How Does 650kpa Support 2.5 Tons?
The modern pneumatic tyre looks pretty simple, but it does some really amazing things, as we're about to see
How does a tyre full of air support all that load?
First of all, the tyre doesn't support the load. The pressurized air inside it does. The tyre is just the container. That might sound obvious, but it is critical to understand.
Why is that?
Because once you see that the tyre is just the container, lots of other things become clear.
Try this experiment: Check the air pressure on a tyre, then raise it with a jack until it no longer touches the ground. Check pressure again.
You'll find that the pressure doesn't change when you remove the load. If you had 650kpa when it was on the ground, it will still have 650kpa when jacked up.
When a tyre is under load, its shape changes, but not its inflation pressure.
How can that be?
Because the tyre is somewhat flexible, like a balloon. When you press it against the ground, the flexibility of the tyre keeps the air pressure constant. The shape of the container changes, but not the pressure.
Then why do we have to increase pressure when we increase load?
To control the amount of change in the shape of the tyre. Imagine that you have two balloons - identical in size and shape - and you've inflated them to identical pressures. Put them both on a glass-topped table. Place a book on top of one balloon, and two books on the other. If you crawl under the table and look up, you'll see that the area of the balloons flattened against the glass is different.
It should come as no surprise that the balloon with two books has a bigger "footprint".
How much bigger?
If you measure the flattened areas, you'll find that the one supporting two books has about twice the footprint area of the one supporting one book. The other big difference is that the balloon supporting two books is a lot more flattened. And that's one of the reasons you have to increase tyre pressure when you increase load.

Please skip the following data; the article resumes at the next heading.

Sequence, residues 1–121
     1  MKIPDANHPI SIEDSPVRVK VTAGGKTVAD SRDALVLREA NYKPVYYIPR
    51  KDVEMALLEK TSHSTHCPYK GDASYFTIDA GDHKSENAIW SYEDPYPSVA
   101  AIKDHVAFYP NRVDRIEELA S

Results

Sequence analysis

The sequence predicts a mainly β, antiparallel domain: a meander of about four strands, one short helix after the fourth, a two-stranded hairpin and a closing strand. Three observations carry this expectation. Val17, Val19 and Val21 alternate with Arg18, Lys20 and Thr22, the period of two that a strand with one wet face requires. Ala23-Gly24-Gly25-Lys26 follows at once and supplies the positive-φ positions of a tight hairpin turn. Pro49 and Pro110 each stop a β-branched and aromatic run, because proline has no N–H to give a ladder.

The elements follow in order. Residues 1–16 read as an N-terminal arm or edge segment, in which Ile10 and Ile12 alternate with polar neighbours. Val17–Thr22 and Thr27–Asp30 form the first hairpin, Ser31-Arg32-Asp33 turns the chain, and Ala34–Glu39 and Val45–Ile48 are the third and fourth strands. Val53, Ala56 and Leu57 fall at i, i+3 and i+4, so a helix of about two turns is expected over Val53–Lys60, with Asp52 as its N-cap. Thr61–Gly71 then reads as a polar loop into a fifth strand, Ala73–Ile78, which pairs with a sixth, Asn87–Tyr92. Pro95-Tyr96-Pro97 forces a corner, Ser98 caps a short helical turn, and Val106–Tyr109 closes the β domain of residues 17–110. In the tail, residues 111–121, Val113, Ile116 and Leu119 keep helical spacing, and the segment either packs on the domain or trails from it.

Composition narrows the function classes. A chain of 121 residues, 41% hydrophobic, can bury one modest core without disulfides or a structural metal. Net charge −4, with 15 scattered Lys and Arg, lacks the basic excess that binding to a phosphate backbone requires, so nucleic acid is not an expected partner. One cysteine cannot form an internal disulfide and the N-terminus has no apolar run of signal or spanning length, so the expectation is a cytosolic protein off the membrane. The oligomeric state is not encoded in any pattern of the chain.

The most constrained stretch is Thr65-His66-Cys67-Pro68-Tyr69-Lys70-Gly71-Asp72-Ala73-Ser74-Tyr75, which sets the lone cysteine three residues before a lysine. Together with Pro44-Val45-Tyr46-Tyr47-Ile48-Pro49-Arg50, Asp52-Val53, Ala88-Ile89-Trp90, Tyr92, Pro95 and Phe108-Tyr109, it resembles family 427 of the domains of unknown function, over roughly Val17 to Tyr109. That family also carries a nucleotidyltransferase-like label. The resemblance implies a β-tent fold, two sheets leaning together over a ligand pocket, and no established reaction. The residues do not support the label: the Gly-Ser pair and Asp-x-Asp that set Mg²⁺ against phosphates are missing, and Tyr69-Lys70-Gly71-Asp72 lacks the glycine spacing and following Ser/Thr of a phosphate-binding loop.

To reduce the "squash"?
Absolutely. Remember, as a tyre goes round and round, it is constantly cycling between the squashed, or 'loaded' shape, and the un-squashed, or 'unloaded' shape.
The bigger the difference between the loaded and unloaded shapes, the more flexing takes place, and the more heat is generated. And heat is one of the biggest enemies of tyres. In Fact, probably more tyres are damaged by heat than by road hazards.
That's one reason why a higher inflation pressure is needed for a higher load. With a higher pressure, the tyre flexes less, generating less damaging heat.
If two identical balloons are inflated to the same pressure, but one carries twice the load, its footprint will be twice the size of the other.
So why not just put more air in every tyre?
For one thing, tyres play a part in cushioning the load against road shocks. Second, and even more important, the tyre has to be built to take the increased pressure. Every tyre has a maximum usable pressure - and a particular load it can handle at that pressure.
If you need to increase load beyond that maximum, you must change to a tyre suitable for the higher pressure.
Third, the amount of inflation in a tyre also affects the footprint size and shape. And that is critical to traction and wear.
In what way?
Let's go back to our balloons. This time, put one book on each balloon, but put half the pressure in one balloon. We know from experience that the balloon with half the pressure will be more flattened, and the footprint will be a lot larger.
How much larger?
Just as when we used two books, the footprint will have about twice the area. We find there's a relationship between the inflation pressure, load and footprint area.
If loads are equal, but one balloon has half the pressure, its footprint is twice as large. Because the same load is distributed over twice the area, it tends to 'float' on a soft surface, reducing traction.
Wouldn't you want a big footprint for traction?
Not necessarily. A spiked heel digs in a lot deeper than a tennis shoe - on a soft surface. That's because the load is distributed over such a small area. But if you're on a hard, smooth floor, you're less likely to slip with a tennis shoe. If there's just a thin layer of wet or slick material, a higher inflation pressure and smaller footprint may help the tread bite through and grab a solid surface below.
On the other hand, on a thick, but soft surface, like deep mud, sand or mushy soil, a lower inflation pressure can distribute pressure over a larger area, so that the tyre almost 'floats' - like a snowshoe. And if the surface is hard and dry, a low inflation pressure and large footprint produce lots of contact and traction, which is why Indy cars run on 'slicks.'
Since inflation pressure controls the footprint size, we can see that the right pressureis not only important for controlling tyre heat, but is vital for proper traction.
Somehow, it always comes back to inflation pressure, doesn't it?
Absolutely. Many things affect traction, load capacity, tyre wear and casing durability. And proper inflation pressure produces a tremendous benefit in all these areas - for just a very small investment in effort.